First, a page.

For all seven steps, and more information on these three steps, order the pay-per-view article "HIPAA: How to test information security." The article costs $10. Subscribers to the online version of Health Care Auditing Strategies have free access to it. Subscribers to the print edition can find it in their June issues.

    Or for only $23 per month, you can get even more auditing best practices and how-to articles by subscribing to Health Care Auditing Strategies. Click here to save 10% by ordering online.

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    In addition to each 12-page monthly newsletter, Health Care Auditing Strategies (HCAS) subscribers receive the following benefits:

  • Audit talk-This is a free forum to network, share ideas, and solve problems for HCAS subscribers.

  • Audit advantage-Readers log on each month to the HCAS subscriber-only Web page that lists sample audit plans and government documents. Go to and enter the password that is printed in each issue of HCAS.

  • Fax and email alerts-When there's late breaking news that just can't wait until the next issue of HCAS, we'll fax or email the pertinent information to you immediately.

  • Editorial special reports-When there's a new regulation or news on laws related to health care auditors, our expert writers gather the necessary information and compile a special report. Subscribers received a free special report on the Sarbanes-Oxley Act with their May issues.

    Take advantage of these subscriber benefits, as well as auditing best practices and how-to articles by subscribing to Health Care Auditing Strategies. Save 10% by ordering online.


    Disproportionate share hospital payments

    The Office of Inspector General (OIG) performed this audit to verify that state disproportionate share hospital (DSH) payments made in fiscal year 1998 to the six Los Angeles County (LAC) hospitals did not exceed the hospital specific limits as imposed by the Omnibus Budget Reconciliation Act of 1993.

    The OIG used the following methodology:

    1. Analyzed data elements used by the state in the calculation of limits for LAC hospitals to determine compliance with applicable federal Medicaid states, code of federal regulations, and CMS guidance pertaining to the Medicaid programs. The review focused on the determination of the limit for the Medicaid inpatient DSH program.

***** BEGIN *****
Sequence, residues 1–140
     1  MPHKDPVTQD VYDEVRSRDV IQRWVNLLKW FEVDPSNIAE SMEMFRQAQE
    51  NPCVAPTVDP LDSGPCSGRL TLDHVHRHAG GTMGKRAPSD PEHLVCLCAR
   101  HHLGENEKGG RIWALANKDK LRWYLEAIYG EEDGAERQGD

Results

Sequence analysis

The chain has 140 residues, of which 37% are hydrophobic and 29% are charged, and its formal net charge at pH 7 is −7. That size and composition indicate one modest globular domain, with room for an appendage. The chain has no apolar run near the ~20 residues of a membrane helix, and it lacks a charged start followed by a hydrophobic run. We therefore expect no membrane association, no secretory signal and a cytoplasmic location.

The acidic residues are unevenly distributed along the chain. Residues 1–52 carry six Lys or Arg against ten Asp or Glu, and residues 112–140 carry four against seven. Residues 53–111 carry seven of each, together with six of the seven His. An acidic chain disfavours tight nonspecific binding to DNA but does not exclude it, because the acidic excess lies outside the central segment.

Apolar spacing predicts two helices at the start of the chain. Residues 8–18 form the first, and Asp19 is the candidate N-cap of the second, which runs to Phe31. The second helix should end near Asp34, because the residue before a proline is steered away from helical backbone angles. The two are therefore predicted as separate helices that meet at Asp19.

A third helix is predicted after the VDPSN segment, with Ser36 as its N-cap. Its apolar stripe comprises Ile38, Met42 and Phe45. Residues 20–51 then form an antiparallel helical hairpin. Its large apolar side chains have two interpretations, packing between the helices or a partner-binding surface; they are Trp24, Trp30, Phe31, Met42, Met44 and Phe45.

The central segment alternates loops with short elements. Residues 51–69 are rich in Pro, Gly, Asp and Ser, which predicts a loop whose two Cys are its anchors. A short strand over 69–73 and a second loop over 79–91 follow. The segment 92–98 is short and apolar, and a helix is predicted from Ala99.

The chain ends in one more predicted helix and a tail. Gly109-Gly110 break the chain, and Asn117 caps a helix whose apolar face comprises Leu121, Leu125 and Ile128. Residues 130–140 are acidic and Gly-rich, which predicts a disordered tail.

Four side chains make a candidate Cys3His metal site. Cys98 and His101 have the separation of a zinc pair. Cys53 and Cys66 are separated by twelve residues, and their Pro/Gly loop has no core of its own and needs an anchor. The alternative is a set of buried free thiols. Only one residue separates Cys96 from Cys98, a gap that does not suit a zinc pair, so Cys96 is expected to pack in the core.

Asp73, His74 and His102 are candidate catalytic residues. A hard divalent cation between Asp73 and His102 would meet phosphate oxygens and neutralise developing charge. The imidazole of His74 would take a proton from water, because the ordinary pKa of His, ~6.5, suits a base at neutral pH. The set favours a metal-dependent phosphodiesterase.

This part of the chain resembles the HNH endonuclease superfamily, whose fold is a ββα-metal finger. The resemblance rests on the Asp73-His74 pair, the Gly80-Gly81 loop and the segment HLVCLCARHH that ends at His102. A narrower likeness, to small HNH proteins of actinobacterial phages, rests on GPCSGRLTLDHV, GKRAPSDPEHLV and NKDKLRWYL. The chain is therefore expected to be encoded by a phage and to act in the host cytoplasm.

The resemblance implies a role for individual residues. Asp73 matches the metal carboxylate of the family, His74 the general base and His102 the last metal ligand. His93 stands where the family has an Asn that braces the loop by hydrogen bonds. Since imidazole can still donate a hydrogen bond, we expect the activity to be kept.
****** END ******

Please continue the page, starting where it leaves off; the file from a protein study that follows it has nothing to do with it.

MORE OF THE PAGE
2. Applied the state's methodology using 1998 data obtained from the state's limit calculations, state provided demonstration expenses, and state payment schedules. The OIG also used Medicare cost report data that it obtained from CMS.

    3. Adjusted limits based on data provided by the state and CMS. The OIG's review of Medicaid revenues provided by the state was limited to Medicaid billing policy and provider numbers. It did not include transaction testing of the data processing systems used to identify and aggregate Medicaid revenues.

    4. Used the LAC hospitals' Medicare cost reports to identify the amounts for cost report adjustments and non-reimbursable cost centers. The OIG contacted each LAC hospital and the LAC Department of Health Services to learn the types of hospital activities reported in selected non-reimbursable cost centers on the LAC hospitals' cost reports.

    5. Obtained written confirmations from public hospitals to determine the amounts of funds transferred to public entities after receipt of DSH payments.

    6. Reviewed federal Medicaid statutes, codes of federal regulations, CMS guidance, California Welfare and Institutions Code, and the state plan for information on DSH payments. The OIG also interviewed CMS Region IX staff, as well as state personnel and copies of pertinent documentation.

    For more information on the OIG's "Audit of California's Medicaid Inpatient Disproportionate Share Hospital Payments for Los Angeles County Hospitals, State Fiscal Year 1998," go to

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    To learn more about the Sarbanes-Oxley Act and how it affects internal auditors and compliance officers, order the special report "Sarbanes-Oxley Act: Impact on Health Care Organizations"